Joichi Ito Quotes.
I definitely feel like my blog is going edgy to broad and boring.
We discussed the history of postwar Japan and how Japan had missed an opportunity to build a more functional democracy because of the focus on fighting communism driven in large part by the American occupation.
Upholding human rights is not merely compatible with fighting terrorism, it is essential.
I noticed that democracy was broken and tried to work on fixing that in Japan. Then I realized that it was broken all over the place and decided to work on that too.
We have a long way to go before we are able to hear the voices of everyone on earth, but I believe that providing voices and building bridges is essential for the World Peace we all wish for.
Want to increase innovation? Lower the cost of failure.
In a world where discovery is more important than delivery, it’s the people who find, remix and direct attention to old stuff that should be rewarded, not the people who deliver it or sit on it waiting for someone to show up.
For some reason, I grew up generally believing that Japan and Korea were quite friendly. I do know that there is some bad history and the extremists on both sides are unreasonable.
The most important thing I learned in school was how to touch type.
Google is in an amazing position to be the target of tons of lawsuits that will set precedent for many important things for us on the Internet.
I donвЂ™t think education is about centralized instruction anymore; rather, it is the process [of] establishing oneself as a node in a broad network of distributed creativity.
I have always viewed my role as a sort of ambassador or bridge between groups to help provide a dialog.
Internet penetration in Italy is quite low and the Berlusconi media machine controls most of what people see.
Money creates a power relationship between the payer and the payee.
Question authority; think for yourself. Talk to people, do things unrelated to school – to come up with your own framework for living. The world is too complex and people are too different to be overly prescriptive about the details.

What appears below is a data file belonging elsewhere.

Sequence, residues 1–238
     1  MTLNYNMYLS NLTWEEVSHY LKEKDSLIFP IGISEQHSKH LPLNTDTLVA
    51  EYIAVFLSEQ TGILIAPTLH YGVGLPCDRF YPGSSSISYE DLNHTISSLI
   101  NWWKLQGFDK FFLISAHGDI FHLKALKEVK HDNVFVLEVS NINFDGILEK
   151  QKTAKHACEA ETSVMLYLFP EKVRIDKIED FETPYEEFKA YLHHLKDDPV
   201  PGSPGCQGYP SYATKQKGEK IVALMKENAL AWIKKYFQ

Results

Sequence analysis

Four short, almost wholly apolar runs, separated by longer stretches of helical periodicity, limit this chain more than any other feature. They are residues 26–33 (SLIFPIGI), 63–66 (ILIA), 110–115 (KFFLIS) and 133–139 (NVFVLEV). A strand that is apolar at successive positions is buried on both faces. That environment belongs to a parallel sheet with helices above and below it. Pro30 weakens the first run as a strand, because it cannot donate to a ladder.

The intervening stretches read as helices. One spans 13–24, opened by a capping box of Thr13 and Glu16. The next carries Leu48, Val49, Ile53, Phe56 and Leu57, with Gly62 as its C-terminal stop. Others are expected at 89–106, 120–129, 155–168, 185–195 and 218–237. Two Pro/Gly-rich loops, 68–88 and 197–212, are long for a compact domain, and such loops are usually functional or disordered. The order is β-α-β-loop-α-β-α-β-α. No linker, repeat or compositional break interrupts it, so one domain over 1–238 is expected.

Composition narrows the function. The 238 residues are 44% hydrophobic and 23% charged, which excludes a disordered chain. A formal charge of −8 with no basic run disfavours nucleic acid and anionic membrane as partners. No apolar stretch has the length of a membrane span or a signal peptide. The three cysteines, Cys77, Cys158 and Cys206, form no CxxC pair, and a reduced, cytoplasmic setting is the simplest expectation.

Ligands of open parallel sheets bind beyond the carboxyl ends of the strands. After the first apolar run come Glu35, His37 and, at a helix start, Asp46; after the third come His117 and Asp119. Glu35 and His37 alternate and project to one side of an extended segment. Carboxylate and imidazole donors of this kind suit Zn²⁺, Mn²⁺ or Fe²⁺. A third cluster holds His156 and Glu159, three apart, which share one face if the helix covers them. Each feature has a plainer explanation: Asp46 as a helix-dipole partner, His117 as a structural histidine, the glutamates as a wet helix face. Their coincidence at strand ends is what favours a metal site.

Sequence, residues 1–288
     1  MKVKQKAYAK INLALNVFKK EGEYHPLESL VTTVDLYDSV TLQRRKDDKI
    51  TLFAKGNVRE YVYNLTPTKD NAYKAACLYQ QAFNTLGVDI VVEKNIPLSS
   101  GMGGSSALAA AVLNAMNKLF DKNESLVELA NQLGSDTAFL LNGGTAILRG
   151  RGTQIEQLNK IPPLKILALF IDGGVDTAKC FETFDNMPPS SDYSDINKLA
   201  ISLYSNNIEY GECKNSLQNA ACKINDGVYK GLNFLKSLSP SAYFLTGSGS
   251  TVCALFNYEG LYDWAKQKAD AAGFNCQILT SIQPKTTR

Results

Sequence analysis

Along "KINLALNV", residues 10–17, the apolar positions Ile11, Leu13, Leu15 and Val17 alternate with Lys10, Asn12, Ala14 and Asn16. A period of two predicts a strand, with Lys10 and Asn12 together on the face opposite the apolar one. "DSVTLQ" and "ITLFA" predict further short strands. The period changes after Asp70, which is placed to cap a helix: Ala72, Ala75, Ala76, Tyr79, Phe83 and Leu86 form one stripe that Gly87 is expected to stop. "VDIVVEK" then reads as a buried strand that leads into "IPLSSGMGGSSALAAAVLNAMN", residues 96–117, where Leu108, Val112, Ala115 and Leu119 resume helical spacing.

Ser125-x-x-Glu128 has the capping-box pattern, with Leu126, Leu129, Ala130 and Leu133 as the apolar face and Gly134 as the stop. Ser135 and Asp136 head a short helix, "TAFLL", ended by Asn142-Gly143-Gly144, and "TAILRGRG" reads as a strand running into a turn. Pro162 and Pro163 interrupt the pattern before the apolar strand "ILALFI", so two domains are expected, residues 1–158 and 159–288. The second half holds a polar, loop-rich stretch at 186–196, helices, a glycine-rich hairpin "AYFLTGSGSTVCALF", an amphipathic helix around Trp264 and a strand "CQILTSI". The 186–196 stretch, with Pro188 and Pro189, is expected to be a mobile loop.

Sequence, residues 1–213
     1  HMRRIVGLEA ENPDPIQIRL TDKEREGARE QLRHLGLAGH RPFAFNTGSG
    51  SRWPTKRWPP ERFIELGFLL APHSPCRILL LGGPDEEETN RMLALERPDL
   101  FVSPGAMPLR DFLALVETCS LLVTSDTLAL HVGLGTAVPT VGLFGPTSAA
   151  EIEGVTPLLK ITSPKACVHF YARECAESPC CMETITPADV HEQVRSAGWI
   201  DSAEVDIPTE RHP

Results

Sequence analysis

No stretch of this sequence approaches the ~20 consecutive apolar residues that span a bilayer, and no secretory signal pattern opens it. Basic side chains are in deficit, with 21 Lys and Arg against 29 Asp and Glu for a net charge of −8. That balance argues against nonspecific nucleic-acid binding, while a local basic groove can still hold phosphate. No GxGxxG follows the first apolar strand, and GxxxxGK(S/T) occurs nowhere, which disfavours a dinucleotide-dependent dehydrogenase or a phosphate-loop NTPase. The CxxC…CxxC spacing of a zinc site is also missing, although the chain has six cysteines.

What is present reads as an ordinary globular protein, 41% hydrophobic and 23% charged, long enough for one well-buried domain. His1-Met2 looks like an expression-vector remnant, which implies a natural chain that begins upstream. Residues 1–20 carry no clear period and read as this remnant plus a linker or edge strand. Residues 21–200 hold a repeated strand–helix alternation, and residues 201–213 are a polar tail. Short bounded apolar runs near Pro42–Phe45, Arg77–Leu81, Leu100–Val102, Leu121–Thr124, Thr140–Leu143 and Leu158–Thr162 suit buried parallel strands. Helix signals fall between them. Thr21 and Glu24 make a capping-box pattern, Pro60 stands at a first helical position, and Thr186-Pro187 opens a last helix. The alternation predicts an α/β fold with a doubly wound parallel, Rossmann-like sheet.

If we destroy human rights and rule of law in the response to terrorism, they have won.
But my question is, am I compromising by adapting my words for the audience and where is the line beyond which I am not adapting words, but changing my position?
Now that our media companies and it appears are policies are traded for cash, what is there to check the continuing consolidation of power and diminishing of democracy?
The US constitution’s First Amendment rights only cover Americans, but I believe that in a democracy the competition of ideas and free speech should combat beliefs that it does not agree with – more speech and debate, not censorship.
It would be easy to define terrorism as attacks against human rights and international humanitarian law forbids attacks against innocent non-combatants which is often the definition used for terrorism.
My whole life has been about connecting things that aren’t connected.
Liberty, freedom and democracy are very fuzzy words, but human rights is very specific.
When there is a huge force pressing down on freedoms, sub-cultures with more creativity and power are likely to form.
I just believe that the cost of marketing is going to increase and the cost of delivery is going to decrease as the Net gets stronger and mass media gets weaker.
There was a very convincing argument made that the extremists have won and the aggression is now supported by the majority, therefore fighting until surrender was the only alternative.
I agree that it is not just the extremists who harbor bad thoughts or engage in bad acts, but they are usually the source of the polarization and try to keep education and communication of the main stream from moving forward.
Education is something that other people do to you. Learning is something you do for yourself.
We talked about the Internet and Wikipedia and how facts and history are being collectively created online.